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The Woodcutter

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The cottage lies near the coast and closer still to a crop of trees that, a little further on, are overlooked by a great deal more. Not quite a forest, the locals say, but close enough. It is old and full of stories or magic or both.

The cottage, too, is old. It feels as though it has been excavated, a relic from centuries ago, the roof green with moss and inside is formed of only three rooms. The largest room is where he lives, with the old oven serving as heating in the cold early winter. Above this is a bedroom full of old furniture, including a bed, but Cullen sleeps on the long couch in the main room, close to the warmth, whatever he can get of it. The third room is an outhouse that is now an in house with just enough plumbing to pass as early modern.

It's not much, but it's his, and it is not his past.


He has only been to the village once, to buy a little food, as he can only afford a little. The money from the army went on the train, the ferry, and then the cottage. He had not been to see it; he’d only read an advert and decided to move as far away from everything he knew as he could. That it is only the other end of the country is of little importance - it is far enough.

So far, that he does not expect visitors and tenses in fear as there comes a knocking at the door. 

“Who is it?” he asks, voice shaking as he stammers the words. He has barely spoken since leaving the life he once knew. 

“A welcoming party,” a jovial voice returns. 

Cullen lifts the latch and opens the door a little to see five smiling faces. 

“Might we come in?”

Scratching the hairs on his chin, regretting the messy state of himself and of his home, he nods regardless and steps aside as they enter. 

His visitors are: Sebastian Vael, the part time priest and owner of the largest house on this part of the island. His family goes back to ancient times and his eyes are bright and blue like the skies Cullen has not yet seen here. Next is Carver Hawke, apparently of an infamous family that had moved from the mainland some years ago. He has arms like tree trunks and is both grocer and deputy of the fire department. Aveline Vallen, a tall, intimidating woman, serves as the local law. Practically single handedly, they joke. Varric Tethras, a short, stocky man, speaks with an American accent and runs the best pub in the village. Then there is Isabela, whom he has met before. She is the ferry Captain and claims to be much more besides. A knowing looks passes between the small party and Carver lifts a basket to Cullen.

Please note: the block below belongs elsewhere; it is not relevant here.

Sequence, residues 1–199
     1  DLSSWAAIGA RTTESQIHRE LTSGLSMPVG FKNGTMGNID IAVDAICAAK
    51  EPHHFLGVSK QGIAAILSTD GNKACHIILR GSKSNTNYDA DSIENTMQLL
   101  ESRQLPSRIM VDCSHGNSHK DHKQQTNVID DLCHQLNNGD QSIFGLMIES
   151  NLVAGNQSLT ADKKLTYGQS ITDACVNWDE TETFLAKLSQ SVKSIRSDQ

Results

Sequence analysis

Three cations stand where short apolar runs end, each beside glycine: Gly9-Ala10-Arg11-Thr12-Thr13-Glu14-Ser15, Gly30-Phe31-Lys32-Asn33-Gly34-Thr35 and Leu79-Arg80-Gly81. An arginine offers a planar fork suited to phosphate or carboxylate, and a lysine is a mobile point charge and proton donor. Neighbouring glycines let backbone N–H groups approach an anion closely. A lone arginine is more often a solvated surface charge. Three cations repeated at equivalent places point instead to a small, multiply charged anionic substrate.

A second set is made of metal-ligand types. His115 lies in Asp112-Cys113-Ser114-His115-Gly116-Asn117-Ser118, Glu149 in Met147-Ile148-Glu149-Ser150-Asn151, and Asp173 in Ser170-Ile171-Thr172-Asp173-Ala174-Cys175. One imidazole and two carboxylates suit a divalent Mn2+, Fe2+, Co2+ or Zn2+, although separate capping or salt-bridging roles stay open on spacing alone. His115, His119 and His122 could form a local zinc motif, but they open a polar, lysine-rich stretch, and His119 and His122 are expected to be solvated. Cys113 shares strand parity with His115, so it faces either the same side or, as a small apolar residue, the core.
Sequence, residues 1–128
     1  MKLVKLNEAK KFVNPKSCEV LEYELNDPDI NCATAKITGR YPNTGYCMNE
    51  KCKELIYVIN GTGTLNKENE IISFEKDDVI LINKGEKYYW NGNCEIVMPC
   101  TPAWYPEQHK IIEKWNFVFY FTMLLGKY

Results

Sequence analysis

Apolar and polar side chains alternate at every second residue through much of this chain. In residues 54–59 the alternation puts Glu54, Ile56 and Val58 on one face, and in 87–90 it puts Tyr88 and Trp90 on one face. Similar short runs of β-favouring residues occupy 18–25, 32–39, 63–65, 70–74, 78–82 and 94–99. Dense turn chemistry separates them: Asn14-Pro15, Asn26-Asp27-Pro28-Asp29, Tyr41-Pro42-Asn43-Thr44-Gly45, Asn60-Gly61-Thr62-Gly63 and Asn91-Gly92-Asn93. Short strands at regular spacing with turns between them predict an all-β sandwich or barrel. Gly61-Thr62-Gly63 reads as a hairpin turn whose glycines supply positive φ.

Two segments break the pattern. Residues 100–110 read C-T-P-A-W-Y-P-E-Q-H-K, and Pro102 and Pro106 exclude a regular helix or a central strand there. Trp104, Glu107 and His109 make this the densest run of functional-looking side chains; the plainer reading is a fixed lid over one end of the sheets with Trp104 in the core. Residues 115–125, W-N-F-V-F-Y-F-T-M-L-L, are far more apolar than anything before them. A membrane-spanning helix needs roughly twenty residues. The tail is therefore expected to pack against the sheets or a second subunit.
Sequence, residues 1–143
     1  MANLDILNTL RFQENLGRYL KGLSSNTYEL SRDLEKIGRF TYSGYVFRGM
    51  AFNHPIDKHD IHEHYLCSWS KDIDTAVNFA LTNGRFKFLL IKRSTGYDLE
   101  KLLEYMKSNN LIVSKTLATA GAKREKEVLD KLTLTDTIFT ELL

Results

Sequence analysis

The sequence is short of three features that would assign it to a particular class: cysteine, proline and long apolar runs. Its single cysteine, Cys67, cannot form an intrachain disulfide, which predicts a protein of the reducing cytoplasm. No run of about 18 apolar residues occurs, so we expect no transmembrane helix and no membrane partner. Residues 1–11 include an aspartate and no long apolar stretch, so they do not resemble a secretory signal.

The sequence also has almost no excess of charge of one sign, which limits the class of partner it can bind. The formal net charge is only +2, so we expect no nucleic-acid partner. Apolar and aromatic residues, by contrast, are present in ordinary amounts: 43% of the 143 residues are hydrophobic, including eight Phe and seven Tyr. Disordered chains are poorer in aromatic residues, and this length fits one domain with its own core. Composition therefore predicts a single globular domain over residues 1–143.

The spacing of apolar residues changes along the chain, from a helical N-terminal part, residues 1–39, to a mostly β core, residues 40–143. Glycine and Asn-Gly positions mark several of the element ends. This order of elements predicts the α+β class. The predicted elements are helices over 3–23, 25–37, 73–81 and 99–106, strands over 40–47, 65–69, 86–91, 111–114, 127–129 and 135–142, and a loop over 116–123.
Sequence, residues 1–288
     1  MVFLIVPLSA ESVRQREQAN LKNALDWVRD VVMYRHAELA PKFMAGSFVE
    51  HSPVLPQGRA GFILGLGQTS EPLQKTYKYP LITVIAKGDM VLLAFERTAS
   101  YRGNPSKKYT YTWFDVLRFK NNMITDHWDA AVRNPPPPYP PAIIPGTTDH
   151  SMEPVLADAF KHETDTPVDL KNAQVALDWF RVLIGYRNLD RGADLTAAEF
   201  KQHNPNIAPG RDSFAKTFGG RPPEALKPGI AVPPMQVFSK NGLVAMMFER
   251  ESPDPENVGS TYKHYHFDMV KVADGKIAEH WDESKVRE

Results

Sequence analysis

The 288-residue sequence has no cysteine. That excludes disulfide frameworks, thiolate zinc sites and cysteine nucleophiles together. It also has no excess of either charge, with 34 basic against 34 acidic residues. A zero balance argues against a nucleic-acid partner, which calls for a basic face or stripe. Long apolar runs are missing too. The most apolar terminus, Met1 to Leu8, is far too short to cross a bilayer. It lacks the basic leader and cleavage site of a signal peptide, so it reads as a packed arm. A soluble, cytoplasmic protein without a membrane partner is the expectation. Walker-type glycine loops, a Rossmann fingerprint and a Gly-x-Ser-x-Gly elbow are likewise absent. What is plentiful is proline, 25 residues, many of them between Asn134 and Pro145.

He finds, under the blanket draped over it, fruit, and vegetables, and tins, and bread, and cake. Aveline places warm clothes on the rickety table by the wall, besides which Varric places a crate of ale. Isabela gifts him a pack of cards and many candles with the assurance they will come in very handy up here. Lastly, Father Vael hands Cullen a red coat, thick and furlined and -

“Much more suitable than your raincoat.”

Cullen does not like charity - does not feel deserving - and somehow the group see through this, tell him it is often the way of welcoming somebody new to the island, somebody who was not expecting the ferocity of the wind and rain. A friendly gesture extended to all that he need not be ashamed of, they tell him with these stories. And so he accepts, makes his excuses for not having a place to invite them to sit, but they are already shivering - already eager to leave, he is certain. 

And so they do, along with what little warmth their bodies had gathered in this stone house that seems only to keep within it a sense that it has existed forever, and will outlive all who enter.